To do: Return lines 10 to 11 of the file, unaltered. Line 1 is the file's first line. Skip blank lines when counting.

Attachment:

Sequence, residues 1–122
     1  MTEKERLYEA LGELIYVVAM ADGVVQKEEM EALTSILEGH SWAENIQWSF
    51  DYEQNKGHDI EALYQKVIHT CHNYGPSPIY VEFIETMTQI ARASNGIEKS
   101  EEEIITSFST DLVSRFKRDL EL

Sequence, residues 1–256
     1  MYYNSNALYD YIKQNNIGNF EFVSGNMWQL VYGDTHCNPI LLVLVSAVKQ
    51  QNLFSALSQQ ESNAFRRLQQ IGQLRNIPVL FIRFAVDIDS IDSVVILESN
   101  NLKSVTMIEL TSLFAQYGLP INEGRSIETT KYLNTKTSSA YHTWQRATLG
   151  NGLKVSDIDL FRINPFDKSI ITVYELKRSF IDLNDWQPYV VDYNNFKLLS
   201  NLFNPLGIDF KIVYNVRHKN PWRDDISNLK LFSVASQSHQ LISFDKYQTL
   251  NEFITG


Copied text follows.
   201  NLFNPLGIDF KIVYNVRHKN PWRDDISNLK LFSVASQSHQ LISFDKYQTL
   251  NEFITG